In December 2014, two blindfolded Guantanamo detainees were led off of a US military flight and onto a frozen airfield in eastern Kazakhstan. Their American escorts removed the detainees' handcuffs, then debated replacing them with plastic zip ties before ultimately handing the men over to Kazakh soldiers unbound.
The Kazakhs gave the men winter coats and led them off the airfield and into their new lives in Semey, a city of about 300, 000 people near the Russian border. After spending more than a decade in a US prison on the sweltering island of Cuba, the two men were, supposedly, free.
During the Cold War, the remoteness of the region around Semey led it to be selected as the site of more than 450 Soviet nuclear weapon tests that scarred the land and poisoned thousands. But the vast former Soviet republic of Kazakhstan is probably best known for having served as a destination for exiles like Fyodor Dostoyevsky in imperial Russia as well as assorted "enemies of the people" during the Soviet era.
Today, the country is once again a destination for undesirables thanks to an unlikely source вЂ” the US State Department.
Abdullah Bin Ali al-Lutfi, one of the two ex-detainees, sticks out in Semey. This is in part because he's a tall, bearded Tunisian who doesn't dress or look like the Kazakhs and ethnic Russians who populate the city. It is also because Kazakhstan is a militantly secular, nominally Muslim authoritarian regime that is terrified of an uprising led by violent Islamists.
The US government branded Bin Ali as just such an Islamist after the 9/11 attacks. He spent a total of 13 years imprisoned by the United States, mostly in Guantanamo, before the State Department sent him here, a place where Muslim holidays are barely observed and no one speaks Arabic. He is treated with suspicion by his appointed caretakers from the Red Crescent Society of Kazakhstan вЂ” the region's Red Cross вЂ” and he's monitored closely by the police. Both organizations have keys to his house and enter as they please, as VICE News discovered on a recent visit.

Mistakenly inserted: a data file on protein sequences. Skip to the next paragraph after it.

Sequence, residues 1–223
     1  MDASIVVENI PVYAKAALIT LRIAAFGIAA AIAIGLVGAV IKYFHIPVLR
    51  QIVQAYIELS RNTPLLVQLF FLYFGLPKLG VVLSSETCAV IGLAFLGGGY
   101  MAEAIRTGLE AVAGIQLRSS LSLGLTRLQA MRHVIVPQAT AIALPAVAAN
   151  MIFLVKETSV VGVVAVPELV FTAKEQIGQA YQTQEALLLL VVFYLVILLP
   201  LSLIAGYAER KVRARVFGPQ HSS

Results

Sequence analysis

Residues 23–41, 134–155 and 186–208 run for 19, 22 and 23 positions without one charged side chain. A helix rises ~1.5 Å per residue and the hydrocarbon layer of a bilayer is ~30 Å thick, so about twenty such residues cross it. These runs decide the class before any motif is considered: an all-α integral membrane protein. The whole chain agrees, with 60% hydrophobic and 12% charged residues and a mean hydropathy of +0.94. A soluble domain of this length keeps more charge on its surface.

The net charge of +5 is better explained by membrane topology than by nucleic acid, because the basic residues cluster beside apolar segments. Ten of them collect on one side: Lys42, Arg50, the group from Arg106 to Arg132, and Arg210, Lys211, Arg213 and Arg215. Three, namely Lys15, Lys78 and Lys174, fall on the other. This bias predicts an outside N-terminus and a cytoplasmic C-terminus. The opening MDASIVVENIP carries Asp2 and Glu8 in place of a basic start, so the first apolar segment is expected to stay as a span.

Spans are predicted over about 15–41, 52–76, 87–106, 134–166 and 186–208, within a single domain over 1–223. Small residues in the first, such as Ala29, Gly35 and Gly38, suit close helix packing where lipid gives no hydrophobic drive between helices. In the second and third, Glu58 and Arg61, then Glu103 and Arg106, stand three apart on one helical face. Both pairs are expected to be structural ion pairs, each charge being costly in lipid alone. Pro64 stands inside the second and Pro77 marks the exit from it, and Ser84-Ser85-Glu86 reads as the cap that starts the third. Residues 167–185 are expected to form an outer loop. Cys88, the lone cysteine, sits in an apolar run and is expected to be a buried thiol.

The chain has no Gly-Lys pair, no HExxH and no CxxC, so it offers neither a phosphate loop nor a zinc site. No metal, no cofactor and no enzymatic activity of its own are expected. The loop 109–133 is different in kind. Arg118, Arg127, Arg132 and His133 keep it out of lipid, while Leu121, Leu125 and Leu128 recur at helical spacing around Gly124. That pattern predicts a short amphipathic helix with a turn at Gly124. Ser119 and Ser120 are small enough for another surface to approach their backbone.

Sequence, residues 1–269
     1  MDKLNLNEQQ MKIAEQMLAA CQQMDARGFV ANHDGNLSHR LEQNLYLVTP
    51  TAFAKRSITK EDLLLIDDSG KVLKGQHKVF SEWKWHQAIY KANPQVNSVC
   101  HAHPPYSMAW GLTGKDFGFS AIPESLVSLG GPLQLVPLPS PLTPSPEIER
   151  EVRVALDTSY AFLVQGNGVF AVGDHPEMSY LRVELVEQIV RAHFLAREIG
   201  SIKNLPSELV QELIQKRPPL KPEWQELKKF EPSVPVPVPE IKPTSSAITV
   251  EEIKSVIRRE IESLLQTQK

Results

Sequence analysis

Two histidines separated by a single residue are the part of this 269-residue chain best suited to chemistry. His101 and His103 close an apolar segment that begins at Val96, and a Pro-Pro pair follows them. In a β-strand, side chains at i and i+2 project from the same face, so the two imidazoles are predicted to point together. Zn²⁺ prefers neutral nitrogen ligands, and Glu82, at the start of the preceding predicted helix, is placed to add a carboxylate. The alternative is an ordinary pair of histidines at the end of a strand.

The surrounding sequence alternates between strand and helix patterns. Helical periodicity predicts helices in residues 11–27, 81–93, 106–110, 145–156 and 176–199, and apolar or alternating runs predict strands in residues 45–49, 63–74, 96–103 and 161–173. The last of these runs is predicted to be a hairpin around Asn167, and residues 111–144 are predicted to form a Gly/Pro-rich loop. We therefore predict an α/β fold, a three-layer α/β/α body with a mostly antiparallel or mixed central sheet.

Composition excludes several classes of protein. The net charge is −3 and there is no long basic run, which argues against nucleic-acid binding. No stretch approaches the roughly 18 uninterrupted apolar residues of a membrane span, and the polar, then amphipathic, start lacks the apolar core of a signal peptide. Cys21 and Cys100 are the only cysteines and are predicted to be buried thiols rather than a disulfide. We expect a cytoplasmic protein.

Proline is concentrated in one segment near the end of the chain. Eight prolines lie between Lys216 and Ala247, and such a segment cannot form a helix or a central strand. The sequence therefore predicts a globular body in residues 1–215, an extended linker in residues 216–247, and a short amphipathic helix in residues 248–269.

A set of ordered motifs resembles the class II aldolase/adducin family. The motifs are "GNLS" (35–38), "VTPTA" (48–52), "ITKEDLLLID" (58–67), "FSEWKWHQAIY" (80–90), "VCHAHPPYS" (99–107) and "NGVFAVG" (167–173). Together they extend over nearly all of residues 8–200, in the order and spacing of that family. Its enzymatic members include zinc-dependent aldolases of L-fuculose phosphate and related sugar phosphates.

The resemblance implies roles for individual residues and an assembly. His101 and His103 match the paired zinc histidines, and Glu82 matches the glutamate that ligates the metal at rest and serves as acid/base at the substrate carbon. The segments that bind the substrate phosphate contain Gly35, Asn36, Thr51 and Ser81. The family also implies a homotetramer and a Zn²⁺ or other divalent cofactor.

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Bin Ali, also known as Abdul Mohammed Rahman, was arrested in Pakistan and handed over to the US government in 2002 or 2003. He was subsequently accused of being a member of a terrorist organization called the Tunisian Combat Group and al Qaeda, according to defense department documents released by Wikileaks.
Bin Ali denies America's accusations, and no evidence to back them up has ever been made public. Like most people imprisoned at Guantanamo, he was never afforded a trial.